Myanmar cardinal thanks Western Christians for support during oppression

Cardinal Charles Maung Bo of Yangon, Myanmar, poses outside the Metropolitan Cathedral of Christ the King in Liverpool. (CNS/Simon Caldwell)

Cardinal Charles Maung Bo of Yangon, Myanmar, poses outside the Metropolitan Cathedral of Christ the King in Liverpool. (CNS/Simon Caldwell)

By Simon Caldwell
Catholic News Service

LIVERPOOL, England (CNS) — Myanmar’s first cardinal has thanked the Christians of the West for helping to bring democracy to his country.

Cardinal Charles Maung Bo of Yangon said the Catholic Church was “at the forefront” of supporting the people of Myanmar, formerly Burma, during a dictatorship that lasted half a century.

Preaching at a May 22 Mass in the Metropolitan Cathedral of Christ the King, Liverpool, he declared: “Today, we are free.”

“The world community refused to accept the oppression … and spoke against that,” Cardinal Bo said.

“The church as a community refused to allow the oppression of Christians and others in Burma,” he said. “Every church, including the U.K. church, was at the forefront of supporting us.”

The cardinal told the congregation that Catholics “are united by a special bond of community. It is this sense of community which has helped many Christians around the world to survive hardship and emerge stronger.

“My heart is filled with gratitude to all the Christians, civil society leaders and governments, that the sense of community helped them to think of Burma,” he added. “Your concern has led us to see the light of democracy, and I urge you to continue to accompany us, especially through your prayers.”

Cardinal Bo’s visit to Liverpool was the final stop of a British tour at the invitation of the charities Aid to the Church in Need and Christian Solidarity Worldwide. His visit came six months after the National League for Democracy won a landslide election that ended about 50 years of dictatorship in the Southeast Asian country.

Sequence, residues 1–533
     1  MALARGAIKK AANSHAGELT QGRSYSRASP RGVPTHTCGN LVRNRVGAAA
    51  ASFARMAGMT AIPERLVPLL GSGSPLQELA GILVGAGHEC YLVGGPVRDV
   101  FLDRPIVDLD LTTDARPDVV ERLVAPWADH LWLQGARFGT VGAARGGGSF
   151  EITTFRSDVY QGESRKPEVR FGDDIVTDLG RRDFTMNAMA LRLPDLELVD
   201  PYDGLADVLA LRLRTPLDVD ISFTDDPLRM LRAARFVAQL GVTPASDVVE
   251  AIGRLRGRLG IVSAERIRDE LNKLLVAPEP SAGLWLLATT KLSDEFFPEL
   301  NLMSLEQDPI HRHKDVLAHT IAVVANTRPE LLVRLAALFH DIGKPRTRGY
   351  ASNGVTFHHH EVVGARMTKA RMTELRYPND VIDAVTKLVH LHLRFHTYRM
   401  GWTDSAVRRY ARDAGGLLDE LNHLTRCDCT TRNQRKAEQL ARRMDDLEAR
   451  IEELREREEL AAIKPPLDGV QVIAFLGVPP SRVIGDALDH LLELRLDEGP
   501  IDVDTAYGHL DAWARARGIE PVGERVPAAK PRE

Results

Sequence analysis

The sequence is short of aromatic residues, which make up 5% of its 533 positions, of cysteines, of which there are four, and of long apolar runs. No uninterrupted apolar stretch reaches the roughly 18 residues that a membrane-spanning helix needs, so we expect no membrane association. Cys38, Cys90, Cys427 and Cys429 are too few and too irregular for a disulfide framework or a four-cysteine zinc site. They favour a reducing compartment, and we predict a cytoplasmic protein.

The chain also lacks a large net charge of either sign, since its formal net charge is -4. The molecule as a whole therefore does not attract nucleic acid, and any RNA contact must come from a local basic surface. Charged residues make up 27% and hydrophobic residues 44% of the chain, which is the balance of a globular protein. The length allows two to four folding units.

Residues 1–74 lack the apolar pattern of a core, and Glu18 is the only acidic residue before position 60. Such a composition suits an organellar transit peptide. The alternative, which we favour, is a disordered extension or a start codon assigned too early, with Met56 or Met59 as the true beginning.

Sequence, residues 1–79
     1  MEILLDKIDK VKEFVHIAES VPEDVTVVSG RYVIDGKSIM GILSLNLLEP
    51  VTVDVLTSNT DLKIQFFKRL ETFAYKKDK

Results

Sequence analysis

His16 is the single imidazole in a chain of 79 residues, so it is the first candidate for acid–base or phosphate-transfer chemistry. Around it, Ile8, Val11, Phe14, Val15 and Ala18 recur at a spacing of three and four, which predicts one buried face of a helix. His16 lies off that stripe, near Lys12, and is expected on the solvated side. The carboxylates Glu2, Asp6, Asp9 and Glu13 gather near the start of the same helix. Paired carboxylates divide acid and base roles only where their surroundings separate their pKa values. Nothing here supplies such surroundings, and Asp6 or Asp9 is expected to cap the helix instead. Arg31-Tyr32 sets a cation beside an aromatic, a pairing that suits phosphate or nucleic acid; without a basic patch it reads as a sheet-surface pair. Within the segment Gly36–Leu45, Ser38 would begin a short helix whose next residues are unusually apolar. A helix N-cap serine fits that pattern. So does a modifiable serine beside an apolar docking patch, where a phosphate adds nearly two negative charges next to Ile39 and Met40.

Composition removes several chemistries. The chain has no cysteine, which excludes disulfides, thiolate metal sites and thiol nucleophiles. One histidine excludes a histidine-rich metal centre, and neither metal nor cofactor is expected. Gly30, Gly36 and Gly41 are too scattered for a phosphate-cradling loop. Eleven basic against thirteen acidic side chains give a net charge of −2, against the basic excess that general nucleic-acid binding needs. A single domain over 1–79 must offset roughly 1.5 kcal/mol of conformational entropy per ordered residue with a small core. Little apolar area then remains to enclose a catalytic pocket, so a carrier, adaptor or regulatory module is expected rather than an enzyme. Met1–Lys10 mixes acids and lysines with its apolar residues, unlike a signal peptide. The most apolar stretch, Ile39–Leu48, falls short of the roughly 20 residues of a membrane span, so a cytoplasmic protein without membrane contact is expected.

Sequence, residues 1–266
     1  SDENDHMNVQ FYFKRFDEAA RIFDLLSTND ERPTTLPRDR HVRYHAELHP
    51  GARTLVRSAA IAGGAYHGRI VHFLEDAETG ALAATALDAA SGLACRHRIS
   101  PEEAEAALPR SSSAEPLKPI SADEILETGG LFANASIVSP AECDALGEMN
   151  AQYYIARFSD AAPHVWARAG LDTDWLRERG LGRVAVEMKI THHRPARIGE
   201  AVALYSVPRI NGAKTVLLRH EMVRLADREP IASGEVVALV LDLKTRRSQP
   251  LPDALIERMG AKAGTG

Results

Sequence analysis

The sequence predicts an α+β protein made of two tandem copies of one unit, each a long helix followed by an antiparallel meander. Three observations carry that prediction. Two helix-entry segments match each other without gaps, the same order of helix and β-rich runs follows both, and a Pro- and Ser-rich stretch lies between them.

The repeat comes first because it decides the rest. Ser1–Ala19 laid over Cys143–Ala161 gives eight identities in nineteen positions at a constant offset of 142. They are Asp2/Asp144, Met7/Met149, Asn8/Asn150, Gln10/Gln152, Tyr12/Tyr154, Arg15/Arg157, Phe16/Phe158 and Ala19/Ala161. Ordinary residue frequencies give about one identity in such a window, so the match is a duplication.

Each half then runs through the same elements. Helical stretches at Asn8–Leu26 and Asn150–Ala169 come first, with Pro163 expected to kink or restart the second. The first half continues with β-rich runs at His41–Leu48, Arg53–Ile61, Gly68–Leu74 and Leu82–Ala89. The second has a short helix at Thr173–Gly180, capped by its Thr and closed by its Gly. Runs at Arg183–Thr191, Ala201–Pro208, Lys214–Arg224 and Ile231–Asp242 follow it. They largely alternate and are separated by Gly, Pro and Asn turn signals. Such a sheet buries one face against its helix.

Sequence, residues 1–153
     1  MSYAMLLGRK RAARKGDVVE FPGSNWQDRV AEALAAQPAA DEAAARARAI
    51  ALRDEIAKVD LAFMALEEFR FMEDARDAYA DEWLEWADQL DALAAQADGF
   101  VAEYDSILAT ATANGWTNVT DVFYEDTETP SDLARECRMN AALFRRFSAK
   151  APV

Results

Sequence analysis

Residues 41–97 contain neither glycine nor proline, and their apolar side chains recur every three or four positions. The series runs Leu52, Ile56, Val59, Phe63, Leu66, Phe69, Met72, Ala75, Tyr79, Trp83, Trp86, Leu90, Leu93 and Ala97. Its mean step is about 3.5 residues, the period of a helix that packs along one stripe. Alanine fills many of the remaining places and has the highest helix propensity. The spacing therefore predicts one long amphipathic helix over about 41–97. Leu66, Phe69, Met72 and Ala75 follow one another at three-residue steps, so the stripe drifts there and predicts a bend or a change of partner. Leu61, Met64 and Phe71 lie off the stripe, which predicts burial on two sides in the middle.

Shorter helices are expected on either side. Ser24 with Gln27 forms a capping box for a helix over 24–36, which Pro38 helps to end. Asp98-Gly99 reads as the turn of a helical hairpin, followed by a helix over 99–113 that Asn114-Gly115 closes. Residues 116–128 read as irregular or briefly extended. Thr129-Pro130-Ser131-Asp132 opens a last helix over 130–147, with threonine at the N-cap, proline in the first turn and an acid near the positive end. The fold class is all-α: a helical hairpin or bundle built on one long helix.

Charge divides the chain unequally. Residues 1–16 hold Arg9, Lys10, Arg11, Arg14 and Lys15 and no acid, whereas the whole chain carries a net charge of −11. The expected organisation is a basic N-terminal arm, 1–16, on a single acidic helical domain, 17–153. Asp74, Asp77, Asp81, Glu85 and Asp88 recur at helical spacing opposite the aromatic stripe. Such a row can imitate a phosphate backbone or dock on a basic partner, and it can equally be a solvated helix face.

Cardinal Bo told the congregation in Liverpool that the dictatorship was a long “Calvary” for the people of his predominantly Buddhist country.

“We were a crucified nation,” he said. “Propagation of Christianity was banned, new churches could not be built, and personnel had to be sent out of the country for any training. In many places, being Christian was the greatest liability.

“The language and cultural rights of our people were taken away by the one-language, one-race and one-religion policy,” he said.

“Yet God did not abandon our nation. The church was like the mustard seed and, like the biblical example, it grew into a tree,” he said.

In the midst of the oppression, he said, the Catholic Church in Myanmar became a “young and vibrant church.”

“The church grew from just three diocese to 16 dioceses,” Cardinal Bo said. “From 100,000 people, we are over 800,000 faithful, from 160 priests to 800 priests, from 300 religious we are now 2,200 religious and 60 per cent of them are below the age of 40.”

Now, he said, Myanmar sends missionaries to other countries.

Cardinal Bo reserved special praise for Aung San Suu Kyi, the democracy campaigner and Nobel Peace Prize winner, whose “moral courage,” he said, had defeated “one of the most arrogant armies in the world.

He said the periods she spent under house arrest — 15 of 21 years — were episodes of “redemptive suffering” that “melted decades of oppression.”

“A new democracy has been born in this nation,” said Cardinal Bo. “Myanmar is proud today that its Easter moment came in the most peaceful manner.

“Here was a woman whose belief in peace and nonviolence stands in stark contrast to the violent conflicts in many parts of the world,” he said. “It is a great inspiration that peace is possible and moral power still can overcome tremendous suffering.”

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